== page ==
How about combining the Aadhar ID with a cell phone? What is that called?
2. Building out a Mobile Infrastructure
The Aadhar card can be used to instantly open a mobile phone account. As Raoul Pal writes, “mobile phone penetration exploded after Aadhaar and went from 40% of the population to 79% within a few years“.
Now with smart phones, you can integrate secure cameras and Iris authentication partners into an Aadhar-linked mobile phone account. Now you have Aadhar-compliant smart cell phones that can verify identity & bank accounts linked to the Aadhar ID. What does that give you? UPI – A New Transaction System.
That brings us to BHIM, a name every Indian recognizes from the great epic Mahaa-Bhaarat.
3. BHIM – Bhaarat Interface for Money
The BHIM interface was launched by the Indian Government on December 30, 2016. What is it? As Raoul Pal explains,
- BHIM “is a digital payments platform using UPI (Unified Payments Interface). This is another giant leap that allows non-UPI linked bank accounts into the payments system. Now payments can be made from UPI accounts to non-UPI accounts and can use QR codes for instant payments and also allows users to check bank balances”.
Come on, Raoul. Can’t you say it in simple words in one sentence? He could and did – “Payments can now be made without using mobile phones, just using fingerprints and an Aadhaar number” How big is this?
- “That is the biggest change to any financial system in history. What is even more remarkable is that this system works on a 2G network so it reaches even the most remote parts of India!! It will revolutionise the agricultural economy, which employs 60% of the workforce and contributes 17% of GDP. Farmers will now have access to bank accounts and credit, along with crop insurance”
Is that it? Does India plan to rest on these laurels?
4. India Stack in 2016 – A Digital Life
What is India Stack? Raoul Pal explains:
- “India Stack is the framework that will make the new digital economy work seamlessly. … Essentially, it is a secure Dropbox for your entire official life and creates what is known as eKYC: Electronic Know Your Customer“.
How does this benefit the Indian consumer?
- “Using India Stack APIs, all that is required is a fingerprint or retina scan to open a bank account, mobile phone account, brokerage account, buy a mutual fund or share medical records at any hospital or clinic in India. It also creates the opportunity for instant loans and brings insurance to the masses, particularly life insurance. All of this data can also in turn be stored on India Stack to give, for example, proof of utility bill payment or life insurance coverage”.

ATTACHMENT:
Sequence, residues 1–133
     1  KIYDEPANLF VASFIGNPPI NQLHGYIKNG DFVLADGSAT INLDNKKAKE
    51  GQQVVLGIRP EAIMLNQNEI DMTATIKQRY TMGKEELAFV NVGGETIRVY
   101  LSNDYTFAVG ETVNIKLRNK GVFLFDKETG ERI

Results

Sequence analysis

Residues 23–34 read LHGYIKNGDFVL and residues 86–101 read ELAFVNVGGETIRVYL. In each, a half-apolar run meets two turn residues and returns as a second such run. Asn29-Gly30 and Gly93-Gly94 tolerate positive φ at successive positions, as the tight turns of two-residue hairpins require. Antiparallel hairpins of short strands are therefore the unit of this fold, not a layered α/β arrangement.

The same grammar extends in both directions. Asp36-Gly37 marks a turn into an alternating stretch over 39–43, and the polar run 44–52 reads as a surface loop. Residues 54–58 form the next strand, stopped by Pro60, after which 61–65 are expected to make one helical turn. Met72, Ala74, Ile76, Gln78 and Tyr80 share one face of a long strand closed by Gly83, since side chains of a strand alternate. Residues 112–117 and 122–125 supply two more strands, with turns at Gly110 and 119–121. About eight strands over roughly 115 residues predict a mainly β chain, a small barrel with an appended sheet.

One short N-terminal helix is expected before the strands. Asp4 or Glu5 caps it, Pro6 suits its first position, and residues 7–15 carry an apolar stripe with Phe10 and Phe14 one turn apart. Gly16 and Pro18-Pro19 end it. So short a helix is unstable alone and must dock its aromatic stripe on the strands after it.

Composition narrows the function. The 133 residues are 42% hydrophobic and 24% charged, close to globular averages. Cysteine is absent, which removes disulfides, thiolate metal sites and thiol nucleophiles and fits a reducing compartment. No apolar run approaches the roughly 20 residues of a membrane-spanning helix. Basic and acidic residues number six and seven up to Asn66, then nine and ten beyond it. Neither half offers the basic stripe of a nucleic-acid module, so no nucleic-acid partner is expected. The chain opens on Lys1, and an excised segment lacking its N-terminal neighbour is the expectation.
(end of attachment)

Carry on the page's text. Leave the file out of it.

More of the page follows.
5. What does it mean for Indians & Investors?
- India Stack is the largest open API in the world and will allow for massive fintech opportunities to be built around it. India is already the third largest fintech centre but it will jump into first place in a few years. India is already organizing hackathons to develop applications for the APIs, so they may need to think about incorporating api testing if they want to make sure the technology is the best it can be. With that being said, it has left Silicon Valley in the dust.
Add to this the demonetisation initiative of PM Modi and the change in behavior it triggered. What does that mean?
- “India was a cash society but once the dust settles, cash will account for less than 40% of total transactions in the next five years. It may eliminate cash altogether in the next ten years. The cash ban digitizes India. No other economy in the world is even close to this“.
So? Raoul Pal writes:
- “The future for India is massive technological advancement, a higher trend rate of GDP and more tax revenues. Tax revenues will fund infrastructure – ports, roads, rail and healthcare. Technology will increase agricultural productivity, online services and manufacturing productivity. Telecom, banking, insurance and online retailing will boom, as will the tech sector.”
- “Nothing in India will be the same again. FDI is already exploding and will rise massively in the years ahead as technology giants and others pour into India to take advantage of the opportunity…”
How does Raoul Pal end his article?
“Incredible India indeed.”
PS: Is there a downside to having all your records linked to one ID? Below is a 3-minute clip that explores what might happen to you when you simply want to order a Pizza. You may get another version of Incredible India, an India in which the scariest words are “We are connected to the system, Sir”: